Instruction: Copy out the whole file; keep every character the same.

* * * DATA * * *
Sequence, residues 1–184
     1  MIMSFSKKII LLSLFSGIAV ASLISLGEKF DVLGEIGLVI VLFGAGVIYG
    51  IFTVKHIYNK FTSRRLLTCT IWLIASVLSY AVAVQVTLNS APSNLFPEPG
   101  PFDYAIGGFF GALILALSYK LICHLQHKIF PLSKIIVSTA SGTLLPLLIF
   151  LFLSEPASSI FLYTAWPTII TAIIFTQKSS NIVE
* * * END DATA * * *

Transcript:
Sequence, residues 1–184
     1  MIMSFSKKII LLSLFSGIAV ASLISLGEKF DVLGEIGLVI VLFGAGVIYG
    51  IFTVKHIYNK FTSRRLLTCT IWLIASVLSY AVAVQVTLNS APSNLFPEPG
   101  PFDYAIGGFF GALILALSYK LICHLQHKIF PLSKIIVSTA SGTLLPLLIF
   151  LFLSEPASSI FLYTAWPTII TAIIFTQKSS NIVE